Not only must the commercial beekeeper find and use a hundred or so locations spread over dozens of miles, he usually remembers how many hives are in each spot, what attention those hives need. A really good beekeeper rarely forgets a bee location, never gets lost.
I know only a few beekeepers who have a poor sense of direction and occasionally get lost. I am one of them. I envy the beekeeper who can be blindfolded, spun in circles, dropped out of a moving truck, land on both feet, and then point out north; recognize some distant landmark, flag down a passing police cruiser and end up at home in front of the TV before I could find my way back driving the fast moving truck. I have had trouble finding west while facing the setting sun. Put me on a straight road, I may be safe. But if the road has the tiniest little curve in it, you may never see me again.
I had to move several apiaries out of the swamps, into the orange groves. Each time, I was awake an hour before sunrise, before the bees began flying for the day. I'd park my truck next to the bees in the swamp. Lift the hives, one at a time, onto the flatbed. Forty colonies. Two tons of bees, boxes, honey and combs. I'd throw ropes over the loose load, fire up the truck and drive through the early morning fog to the grove locations, thirty miles away.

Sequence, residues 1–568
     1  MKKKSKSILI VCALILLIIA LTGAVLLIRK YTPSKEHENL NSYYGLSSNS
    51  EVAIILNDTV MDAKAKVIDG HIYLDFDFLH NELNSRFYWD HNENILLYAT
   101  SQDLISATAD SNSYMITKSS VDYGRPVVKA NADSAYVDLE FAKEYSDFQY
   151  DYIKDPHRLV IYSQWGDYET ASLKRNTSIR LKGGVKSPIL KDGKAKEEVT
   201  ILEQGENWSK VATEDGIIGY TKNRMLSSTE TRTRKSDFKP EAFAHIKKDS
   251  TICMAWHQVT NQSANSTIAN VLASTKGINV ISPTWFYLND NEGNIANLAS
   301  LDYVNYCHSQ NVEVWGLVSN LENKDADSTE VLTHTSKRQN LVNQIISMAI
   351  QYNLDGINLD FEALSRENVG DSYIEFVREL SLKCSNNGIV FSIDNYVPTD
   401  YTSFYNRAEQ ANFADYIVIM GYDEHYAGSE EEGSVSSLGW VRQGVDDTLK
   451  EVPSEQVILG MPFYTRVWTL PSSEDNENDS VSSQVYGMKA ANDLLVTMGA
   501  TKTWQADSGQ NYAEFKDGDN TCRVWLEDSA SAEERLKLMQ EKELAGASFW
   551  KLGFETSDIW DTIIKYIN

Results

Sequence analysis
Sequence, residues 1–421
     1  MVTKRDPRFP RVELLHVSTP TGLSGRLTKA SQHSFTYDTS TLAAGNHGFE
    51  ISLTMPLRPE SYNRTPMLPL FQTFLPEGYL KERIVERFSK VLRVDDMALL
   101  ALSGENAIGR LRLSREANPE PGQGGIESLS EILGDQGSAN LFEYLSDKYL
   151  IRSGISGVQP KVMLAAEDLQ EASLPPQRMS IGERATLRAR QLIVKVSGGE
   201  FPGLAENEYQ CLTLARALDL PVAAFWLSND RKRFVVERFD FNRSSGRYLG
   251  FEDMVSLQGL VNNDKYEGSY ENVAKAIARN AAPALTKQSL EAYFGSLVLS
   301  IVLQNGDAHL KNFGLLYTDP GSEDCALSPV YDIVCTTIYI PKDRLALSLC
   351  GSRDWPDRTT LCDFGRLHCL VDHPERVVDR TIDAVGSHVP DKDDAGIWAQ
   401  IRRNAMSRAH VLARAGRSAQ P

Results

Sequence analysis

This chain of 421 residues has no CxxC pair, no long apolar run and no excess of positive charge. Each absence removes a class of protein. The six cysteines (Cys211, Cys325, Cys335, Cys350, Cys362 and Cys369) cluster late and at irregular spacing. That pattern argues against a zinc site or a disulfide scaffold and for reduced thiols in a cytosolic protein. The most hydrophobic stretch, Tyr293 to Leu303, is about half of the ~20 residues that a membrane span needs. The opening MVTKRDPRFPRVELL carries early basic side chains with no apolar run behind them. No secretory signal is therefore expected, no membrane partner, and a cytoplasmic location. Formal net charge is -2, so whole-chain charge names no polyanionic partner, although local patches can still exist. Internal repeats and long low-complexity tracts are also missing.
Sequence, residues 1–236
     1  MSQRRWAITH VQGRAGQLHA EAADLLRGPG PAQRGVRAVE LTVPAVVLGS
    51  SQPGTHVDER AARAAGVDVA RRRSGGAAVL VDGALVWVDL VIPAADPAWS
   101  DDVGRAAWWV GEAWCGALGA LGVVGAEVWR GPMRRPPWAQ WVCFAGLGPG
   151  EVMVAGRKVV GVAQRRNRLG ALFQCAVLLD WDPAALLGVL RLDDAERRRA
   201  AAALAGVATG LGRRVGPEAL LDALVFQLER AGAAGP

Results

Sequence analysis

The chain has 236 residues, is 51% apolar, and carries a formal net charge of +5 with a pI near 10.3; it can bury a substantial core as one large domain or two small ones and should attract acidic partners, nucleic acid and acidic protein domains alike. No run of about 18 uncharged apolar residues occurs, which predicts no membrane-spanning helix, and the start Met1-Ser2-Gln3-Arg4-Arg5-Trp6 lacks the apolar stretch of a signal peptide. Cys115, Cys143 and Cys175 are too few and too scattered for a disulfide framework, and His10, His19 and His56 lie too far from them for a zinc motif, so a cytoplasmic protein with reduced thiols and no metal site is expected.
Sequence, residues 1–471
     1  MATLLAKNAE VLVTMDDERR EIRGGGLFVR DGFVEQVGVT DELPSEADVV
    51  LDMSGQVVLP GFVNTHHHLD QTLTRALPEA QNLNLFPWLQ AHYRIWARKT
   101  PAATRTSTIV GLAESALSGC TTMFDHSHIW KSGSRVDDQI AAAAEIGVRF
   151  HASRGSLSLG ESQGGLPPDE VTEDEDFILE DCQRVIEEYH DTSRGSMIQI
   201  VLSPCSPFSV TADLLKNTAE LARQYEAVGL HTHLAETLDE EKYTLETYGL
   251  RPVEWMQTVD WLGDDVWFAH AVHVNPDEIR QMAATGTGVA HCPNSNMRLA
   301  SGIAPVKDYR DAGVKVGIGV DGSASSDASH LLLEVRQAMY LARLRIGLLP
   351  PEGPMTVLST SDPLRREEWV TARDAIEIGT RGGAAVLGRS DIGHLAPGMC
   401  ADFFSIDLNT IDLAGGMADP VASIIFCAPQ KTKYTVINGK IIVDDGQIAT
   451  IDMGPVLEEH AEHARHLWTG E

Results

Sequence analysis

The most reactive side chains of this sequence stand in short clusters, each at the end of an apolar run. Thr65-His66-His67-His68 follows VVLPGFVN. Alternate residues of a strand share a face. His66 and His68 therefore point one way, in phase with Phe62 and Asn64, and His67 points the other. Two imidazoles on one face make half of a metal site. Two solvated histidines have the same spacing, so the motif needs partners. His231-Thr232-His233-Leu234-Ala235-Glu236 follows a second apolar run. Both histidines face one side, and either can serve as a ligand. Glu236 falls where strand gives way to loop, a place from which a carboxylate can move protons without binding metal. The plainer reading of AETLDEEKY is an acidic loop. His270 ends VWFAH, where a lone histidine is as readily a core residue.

My Platlakaha apiary of bees was tied tightly to my flatbed truck. I was rolling north on Highway 33, about half a mile out of Mascotte. I passed Keith's truck, loaded with bees, heading south. Keith was moving his bees south while I was moving my bees north. Apparently he thought the direction I was heading was not as good as the direction I was leaving. And I guess I thought the same thing about his choices. I should have followed Keith.